Optimal Climate Change Policies When Governments Cannot Commit
This paper examines the optimal design of climate change policies in the context where governments want to encourage the private sector to undertake significant immediate investment in developing cleaner technologies, but the carbon taxes and other environmental policies that could in principle stimulate such investment will be imposed over a very long future. The conventional claim by environmental economists is that environmental policies alone are sufficient to induce firms to undertake optimal investment. However this argument requires governments to be able to commit to these future taxes, and it is far from clear that governments have this degree of commitment. We assume instead that governments cannot commit, and so both they and the private sector have to contemplate the possibility of there being governments in power in the future that give different (relative) weights to the environment. We show that this lack of commitment has a significant asymmetric effect. Compared to the situation where governments can commit it increases the incentive of the current government to have the investment undertaken, but reduces the incentive of the private sector to invest. Consequently governments may need to use additional policy instruments – such as R&D subsidies – to stimulate the required investment.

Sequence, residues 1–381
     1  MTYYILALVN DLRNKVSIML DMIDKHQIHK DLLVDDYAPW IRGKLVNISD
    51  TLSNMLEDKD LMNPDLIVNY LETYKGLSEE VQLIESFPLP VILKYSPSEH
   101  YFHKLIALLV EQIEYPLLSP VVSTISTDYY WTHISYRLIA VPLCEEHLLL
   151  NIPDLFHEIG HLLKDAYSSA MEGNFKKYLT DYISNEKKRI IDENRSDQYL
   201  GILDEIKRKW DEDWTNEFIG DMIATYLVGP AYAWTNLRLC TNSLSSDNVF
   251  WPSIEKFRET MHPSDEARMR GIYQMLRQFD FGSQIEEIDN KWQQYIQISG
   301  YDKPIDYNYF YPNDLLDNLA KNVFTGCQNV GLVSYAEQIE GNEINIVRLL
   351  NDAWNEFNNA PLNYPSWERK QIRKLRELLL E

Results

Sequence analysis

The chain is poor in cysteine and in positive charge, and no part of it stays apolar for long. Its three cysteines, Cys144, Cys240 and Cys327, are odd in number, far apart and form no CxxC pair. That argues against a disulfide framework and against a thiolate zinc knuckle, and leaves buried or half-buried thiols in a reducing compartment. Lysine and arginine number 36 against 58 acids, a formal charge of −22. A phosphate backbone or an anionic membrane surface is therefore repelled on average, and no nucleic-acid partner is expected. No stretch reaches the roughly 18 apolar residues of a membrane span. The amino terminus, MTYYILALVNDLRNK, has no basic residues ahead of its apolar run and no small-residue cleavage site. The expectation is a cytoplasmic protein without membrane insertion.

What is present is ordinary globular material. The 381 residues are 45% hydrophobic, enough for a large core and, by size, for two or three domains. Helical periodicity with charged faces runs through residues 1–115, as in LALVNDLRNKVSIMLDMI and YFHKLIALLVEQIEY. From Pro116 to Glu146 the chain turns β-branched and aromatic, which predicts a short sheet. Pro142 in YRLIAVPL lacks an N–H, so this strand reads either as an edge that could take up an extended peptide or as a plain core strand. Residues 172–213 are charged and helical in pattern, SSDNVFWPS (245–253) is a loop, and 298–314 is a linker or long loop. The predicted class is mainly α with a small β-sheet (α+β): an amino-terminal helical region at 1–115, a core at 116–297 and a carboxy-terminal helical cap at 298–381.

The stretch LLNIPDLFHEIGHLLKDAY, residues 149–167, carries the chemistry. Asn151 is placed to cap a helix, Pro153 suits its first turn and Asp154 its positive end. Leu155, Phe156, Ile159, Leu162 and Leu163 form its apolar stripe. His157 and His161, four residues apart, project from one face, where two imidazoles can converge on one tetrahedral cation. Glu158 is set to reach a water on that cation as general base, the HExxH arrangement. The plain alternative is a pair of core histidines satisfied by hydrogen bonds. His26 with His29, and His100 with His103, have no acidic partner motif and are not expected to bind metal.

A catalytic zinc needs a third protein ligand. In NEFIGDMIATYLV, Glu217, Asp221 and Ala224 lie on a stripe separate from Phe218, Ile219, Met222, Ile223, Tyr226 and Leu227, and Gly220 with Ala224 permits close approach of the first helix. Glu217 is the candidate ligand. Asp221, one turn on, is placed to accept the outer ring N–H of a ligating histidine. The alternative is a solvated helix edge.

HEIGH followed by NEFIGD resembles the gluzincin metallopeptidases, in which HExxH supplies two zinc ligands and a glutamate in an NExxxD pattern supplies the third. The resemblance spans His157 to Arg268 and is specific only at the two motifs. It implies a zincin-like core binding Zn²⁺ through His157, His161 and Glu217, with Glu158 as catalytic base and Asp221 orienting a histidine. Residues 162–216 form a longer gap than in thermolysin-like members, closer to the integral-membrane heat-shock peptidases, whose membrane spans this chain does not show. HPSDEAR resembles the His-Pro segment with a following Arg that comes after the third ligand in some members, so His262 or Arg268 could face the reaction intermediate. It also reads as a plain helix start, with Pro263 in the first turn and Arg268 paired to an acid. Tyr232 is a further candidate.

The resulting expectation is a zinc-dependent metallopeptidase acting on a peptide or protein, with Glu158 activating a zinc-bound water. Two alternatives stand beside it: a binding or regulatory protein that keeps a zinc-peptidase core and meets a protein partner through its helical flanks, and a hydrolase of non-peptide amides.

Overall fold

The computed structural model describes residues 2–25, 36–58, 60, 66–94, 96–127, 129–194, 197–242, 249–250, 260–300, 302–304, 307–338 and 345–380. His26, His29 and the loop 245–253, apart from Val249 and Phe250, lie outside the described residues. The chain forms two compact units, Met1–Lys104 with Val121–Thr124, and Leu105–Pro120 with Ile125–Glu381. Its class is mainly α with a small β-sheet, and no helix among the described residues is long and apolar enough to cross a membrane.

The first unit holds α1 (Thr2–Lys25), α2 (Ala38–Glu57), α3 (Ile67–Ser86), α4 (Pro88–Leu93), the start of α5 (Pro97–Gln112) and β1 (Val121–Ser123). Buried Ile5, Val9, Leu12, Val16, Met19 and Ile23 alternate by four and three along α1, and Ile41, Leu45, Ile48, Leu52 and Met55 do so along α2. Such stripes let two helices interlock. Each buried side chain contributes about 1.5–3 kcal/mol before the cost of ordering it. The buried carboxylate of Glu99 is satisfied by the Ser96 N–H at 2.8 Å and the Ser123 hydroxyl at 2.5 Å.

|Date of creation:||2009|
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- Stavins, Robert & Jaffe, Adam & Newell, Richard, 2000.
"Technological Change and the Environment,"
Working Paper Series
rwp00-002, Harvard University, John F. Kennedy School of Government.
- Stavins, Robert & Jaffe, Adam & Newell, Richard, 2000. "Technological Change and the Environment," Discussion Papers dp-00-47, Resources For the Future.
- Adam B. Jaffe & Richard G. Newell & Robert N. Stavins, 2000. "Technological Change and the Environment," NBER Working Papers 7970, National Bureau of Economic Research, Inc.
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